First Reading

A Bill may be introduced to the Commons for the first time, or it may arrive from the Lords having completed its passage through the Upper House.

The introduction (also known as the presentation or bringing in) of a Bill in the House of Commons takes the form of its formal First Reading. The introduction of Bills always takes place at the start of Public Business.

There is no debate at this stage. In most cases, at the start of Public Business the person introducing the Bill (Member in Charge) gives a piece of paper with the short and long titles of the Bill and the names of MPs backing the proposal to the Clerk at the Table in front of the Speaker’s chair.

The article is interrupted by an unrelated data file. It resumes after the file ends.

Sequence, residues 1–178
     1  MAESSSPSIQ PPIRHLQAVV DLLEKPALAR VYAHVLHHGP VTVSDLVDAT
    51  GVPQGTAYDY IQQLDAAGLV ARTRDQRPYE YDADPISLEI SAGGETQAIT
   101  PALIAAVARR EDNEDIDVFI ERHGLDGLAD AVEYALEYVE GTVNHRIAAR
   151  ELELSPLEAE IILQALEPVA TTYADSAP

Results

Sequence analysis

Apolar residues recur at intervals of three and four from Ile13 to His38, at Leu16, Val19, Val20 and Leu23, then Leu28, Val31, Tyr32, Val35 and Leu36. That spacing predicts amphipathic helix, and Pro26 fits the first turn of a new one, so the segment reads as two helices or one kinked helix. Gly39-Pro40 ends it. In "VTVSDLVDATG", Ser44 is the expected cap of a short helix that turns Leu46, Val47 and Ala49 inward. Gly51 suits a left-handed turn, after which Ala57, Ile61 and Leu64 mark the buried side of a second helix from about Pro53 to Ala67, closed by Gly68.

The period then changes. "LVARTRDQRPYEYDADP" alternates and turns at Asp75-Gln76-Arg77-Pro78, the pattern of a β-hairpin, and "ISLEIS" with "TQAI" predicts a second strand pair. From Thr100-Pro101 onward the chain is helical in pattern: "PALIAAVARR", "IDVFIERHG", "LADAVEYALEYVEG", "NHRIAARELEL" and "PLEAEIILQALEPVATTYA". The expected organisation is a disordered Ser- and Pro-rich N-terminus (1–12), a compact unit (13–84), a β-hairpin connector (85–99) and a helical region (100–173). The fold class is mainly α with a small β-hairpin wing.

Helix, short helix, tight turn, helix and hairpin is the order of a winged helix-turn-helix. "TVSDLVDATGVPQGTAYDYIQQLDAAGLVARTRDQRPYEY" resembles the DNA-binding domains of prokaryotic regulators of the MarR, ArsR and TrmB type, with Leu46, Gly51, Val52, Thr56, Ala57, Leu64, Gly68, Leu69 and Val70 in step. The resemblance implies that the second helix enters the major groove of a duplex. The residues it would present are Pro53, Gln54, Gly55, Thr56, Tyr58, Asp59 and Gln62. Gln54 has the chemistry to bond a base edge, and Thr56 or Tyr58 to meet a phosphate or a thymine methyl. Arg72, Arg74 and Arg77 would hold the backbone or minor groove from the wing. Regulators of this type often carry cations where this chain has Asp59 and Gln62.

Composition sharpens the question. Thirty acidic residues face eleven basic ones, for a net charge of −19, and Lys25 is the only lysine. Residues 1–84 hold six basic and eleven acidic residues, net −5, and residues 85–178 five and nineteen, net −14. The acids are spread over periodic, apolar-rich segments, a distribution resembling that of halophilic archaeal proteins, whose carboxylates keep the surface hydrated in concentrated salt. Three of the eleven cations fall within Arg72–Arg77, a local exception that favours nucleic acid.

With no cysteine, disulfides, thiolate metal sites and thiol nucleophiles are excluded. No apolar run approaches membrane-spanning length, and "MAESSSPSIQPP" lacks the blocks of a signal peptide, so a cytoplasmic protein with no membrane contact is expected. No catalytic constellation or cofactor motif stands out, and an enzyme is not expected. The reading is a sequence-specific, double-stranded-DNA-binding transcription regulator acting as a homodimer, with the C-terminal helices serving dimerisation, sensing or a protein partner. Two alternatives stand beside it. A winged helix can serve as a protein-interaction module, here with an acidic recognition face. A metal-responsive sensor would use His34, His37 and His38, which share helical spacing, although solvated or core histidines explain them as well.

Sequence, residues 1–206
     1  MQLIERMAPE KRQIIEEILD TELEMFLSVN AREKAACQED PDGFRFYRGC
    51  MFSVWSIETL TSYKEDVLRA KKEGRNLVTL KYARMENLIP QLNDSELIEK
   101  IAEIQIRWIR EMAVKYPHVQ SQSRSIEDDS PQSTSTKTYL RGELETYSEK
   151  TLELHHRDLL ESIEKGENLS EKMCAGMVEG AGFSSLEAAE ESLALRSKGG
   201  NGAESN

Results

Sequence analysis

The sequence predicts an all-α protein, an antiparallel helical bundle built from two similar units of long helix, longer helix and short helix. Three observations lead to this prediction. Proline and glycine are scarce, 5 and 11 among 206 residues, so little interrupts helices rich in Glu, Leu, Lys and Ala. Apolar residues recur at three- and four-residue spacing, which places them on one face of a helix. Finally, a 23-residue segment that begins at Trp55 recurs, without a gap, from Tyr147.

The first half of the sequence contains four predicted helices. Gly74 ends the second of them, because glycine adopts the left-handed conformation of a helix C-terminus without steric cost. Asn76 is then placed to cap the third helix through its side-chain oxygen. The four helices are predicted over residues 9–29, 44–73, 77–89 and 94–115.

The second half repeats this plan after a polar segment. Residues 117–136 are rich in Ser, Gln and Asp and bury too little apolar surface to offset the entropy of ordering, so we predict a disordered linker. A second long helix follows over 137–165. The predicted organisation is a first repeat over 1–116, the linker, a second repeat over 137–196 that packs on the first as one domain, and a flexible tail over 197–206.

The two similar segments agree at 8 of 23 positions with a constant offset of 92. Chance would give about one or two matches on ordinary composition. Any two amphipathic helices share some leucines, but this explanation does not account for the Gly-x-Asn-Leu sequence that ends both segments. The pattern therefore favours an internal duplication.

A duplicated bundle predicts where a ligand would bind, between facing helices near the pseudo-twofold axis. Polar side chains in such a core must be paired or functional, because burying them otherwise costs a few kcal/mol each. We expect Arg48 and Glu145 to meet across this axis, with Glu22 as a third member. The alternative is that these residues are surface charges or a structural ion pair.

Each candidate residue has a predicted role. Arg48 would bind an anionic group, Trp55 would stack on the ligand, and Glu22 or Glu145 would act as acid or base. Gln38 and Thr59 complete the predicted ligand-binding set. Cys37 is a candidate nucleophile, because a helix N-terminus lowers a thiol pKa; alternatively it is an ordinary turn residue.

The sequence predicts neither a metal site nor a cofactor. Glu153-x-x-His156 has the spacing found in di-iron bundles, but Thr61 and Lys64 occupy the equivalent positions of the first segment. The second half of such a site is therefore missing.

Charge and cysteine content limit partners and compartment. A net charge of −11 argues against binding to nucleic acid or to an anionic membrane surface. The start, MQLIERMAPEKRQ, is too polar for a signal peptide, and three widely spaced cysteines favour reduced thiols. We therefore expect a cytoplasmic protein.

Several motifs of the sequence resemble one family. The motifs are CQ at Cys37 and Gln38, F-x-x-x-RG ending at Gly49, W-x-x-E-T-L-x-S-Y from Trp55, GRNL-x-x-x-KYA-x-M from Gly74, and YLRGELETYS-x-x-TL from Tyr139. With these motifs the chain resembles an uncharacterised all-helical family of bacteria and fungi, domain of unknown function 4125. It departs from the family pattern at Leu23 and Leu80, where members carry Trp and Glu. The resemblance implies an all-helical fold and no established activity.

The Clerk reads out the name of the Bill, which is its First Reading.